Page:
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What They Don't Tell You About Writing

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What they don't tell you about writing is the massive chore it is, even for writers. Many times a week I sit down at my desk to write, but nothing happens. Although I enjoy the finished creation, the writing itself takes a whole lot of energy. It's utterly exhausting.

Sometimes, too, the words don't come. I sit at my desk, fingers poised over the keys, and stare at the monitor in helpless frustration. My mind is as empty as the processor before me--this is the infamous "writer's block" every writer learns to fear, I change the scene, the character, the point of view--nothing works. Nothing inspires me.

Whenever this happens, I tell myself I can't leave my chair until I write something. All I have to do is convince my hands to move. Even if my words are crap, what matters is that I'm getting down words. I have plenty of time to edit much later.

Writing is tremendous work. It's hard to make progress without taking breaks. The problem with breaks? They can derail your focus. The passage of time in itself is a nightmare. Five minutes go by and it feels like an hour. I'm surprised when I look at the clock. I'm also mortified. How could I have made so little progress in an hour?

What they don't tell you is that writing is work.

Some of the cliches ring truer than I'd like. Writers are often impoverished creatures fueled by caffeine and a shot at immortality. Some are fueled by drugs and booze. Some even take the plunge headfirst into addiction.

It's also true that writers usually suffer from depression at least once in their lives. Writers are observant, curious, and introspective. We see the bad things in society, and we see that no one is trying to fix them. We wonder why the worst things happen to the nicest people. We're spending so much time with our thoughts, we forget there is also a bright side to life.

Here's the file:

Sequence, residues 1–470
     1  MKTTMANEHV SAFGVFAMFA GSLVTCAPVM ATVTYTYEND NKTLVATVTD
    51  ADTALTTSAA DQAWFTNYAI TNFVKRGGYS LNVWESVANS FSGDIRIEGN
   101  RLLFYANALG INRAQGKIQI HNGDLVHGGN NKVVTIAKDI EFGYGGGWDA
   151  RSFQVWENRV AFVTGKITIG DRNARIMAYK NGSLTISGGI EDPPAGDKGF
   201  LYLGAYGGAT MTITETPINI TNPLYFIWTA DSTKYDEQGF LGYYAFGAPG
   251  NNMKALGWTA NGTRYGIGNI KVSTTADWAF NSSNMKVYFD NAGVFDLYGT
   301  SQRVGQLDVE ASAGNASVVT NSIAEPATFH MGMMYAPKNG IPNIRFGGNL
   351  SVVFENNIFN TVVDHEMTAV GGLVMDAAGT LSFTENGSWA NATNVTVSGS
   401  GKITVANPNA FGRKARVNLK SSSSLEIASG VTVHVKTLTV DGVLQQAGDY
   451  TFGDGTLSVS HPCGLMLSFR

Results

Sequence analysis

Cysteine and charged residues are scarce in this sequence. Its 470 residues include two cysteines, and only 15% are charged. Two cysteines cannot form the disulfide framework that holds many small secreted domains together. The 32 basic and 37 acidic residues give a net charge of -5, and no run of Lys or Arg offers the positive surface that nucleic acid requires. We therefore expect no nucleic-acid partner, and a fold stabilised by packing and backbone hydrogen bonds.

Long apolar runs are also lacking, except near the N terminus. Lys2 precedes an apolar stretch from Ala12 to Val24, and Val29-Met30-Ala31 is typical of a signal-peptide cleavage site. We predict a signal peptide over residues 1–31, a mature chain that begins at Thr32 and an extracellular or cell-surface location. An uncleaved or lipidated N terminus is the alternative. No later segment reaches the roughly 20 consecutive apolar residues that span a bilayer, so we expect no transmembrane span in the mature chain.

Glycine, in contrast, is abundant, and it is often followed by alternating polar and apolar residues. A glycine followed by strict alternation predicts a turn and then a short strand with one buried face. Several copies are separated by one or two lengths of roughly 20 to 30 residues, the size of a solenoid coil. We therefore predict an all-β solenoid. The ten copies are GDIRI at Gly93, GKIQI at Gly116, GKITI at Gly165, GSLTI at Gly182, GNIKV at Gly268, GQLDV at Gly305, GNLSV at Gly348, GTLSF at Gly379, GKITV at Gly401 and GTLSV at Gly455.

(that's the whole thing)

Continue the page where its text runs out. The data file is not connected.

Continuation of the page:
Writers are more prone to notice little pleasures. We notice the young man helping the young woman. We see the woman carrying someone's groceries. Humanity has a silver lining. We can, with practice, see the love in this sad life.

What they don't tell you about writing--not enough, anyway--is that it can improve. You'll always be able to polish your work. There is always hope, no matter what. With a lot of practice, you'll get better. You'll soon be seeing the bright side of life.

Writing is an instrument for reconciliation. It soothes the dreamer, the creator, and the optimist in us. It reveals the context of humanity in the grand scheme of the universe, and it helps us come to terms with our temporary being.

More than anything, though, writing nourishes the soul.

What they don't tell you about writing is that it makes up both the pit and the pinnacle of human existence.

At the end of the day, that's what makes the work worth it.
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